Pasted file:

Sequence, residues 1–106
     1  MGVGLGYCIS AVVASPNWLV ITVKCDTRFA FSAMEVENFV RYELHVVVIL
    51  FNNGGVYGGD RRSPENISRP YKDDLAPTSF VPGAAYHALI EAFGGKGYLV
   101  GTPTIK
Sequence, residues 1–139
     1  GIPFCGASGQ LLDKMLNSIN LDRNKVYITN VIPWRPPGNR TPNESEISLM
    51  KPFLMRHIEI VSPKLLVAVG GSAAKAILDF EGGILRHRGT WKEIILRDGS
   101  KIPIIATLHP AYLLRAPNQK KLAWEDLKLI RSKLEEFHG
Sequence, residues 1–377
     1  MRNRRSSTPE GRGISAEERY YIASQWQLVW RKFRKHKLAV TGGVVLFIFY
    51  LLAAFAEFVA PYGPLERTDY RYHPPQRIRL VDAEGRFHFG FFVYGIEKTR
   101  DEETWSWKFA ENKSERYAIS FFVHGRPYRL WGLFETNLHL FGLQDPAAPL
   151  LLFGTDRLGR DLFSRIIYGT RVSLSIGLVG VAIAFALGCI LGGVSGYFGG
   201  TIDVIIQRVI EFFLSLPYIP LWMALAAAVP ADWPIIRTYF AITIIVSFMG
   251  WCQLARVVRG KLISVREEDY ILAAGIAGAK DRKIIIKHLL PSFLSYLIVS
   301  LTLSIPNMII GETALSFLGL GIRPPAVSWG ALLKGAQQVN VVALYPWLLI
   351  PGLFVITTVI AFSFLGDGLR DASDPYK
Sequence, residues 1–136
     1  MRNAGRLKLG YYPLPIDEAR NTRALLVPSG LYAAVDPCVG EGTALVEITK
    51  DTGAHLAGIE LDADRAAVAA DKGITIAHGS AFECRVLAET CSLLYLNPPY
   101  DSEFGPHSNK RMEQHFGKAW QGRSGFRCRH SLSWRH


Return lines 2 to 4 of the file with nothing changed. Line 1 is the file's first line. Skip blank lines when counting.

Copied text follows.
     1  MGVGLGYCIS AVVASPNWLV ITVKCDTRFA FSAMEVENFV RYELHVVVIL
    51  FNNGGVYGGD RRSPENISRP YKDDLAPTSF VPGAAYHALI EAFGGKGYLV
   101  GTPTIK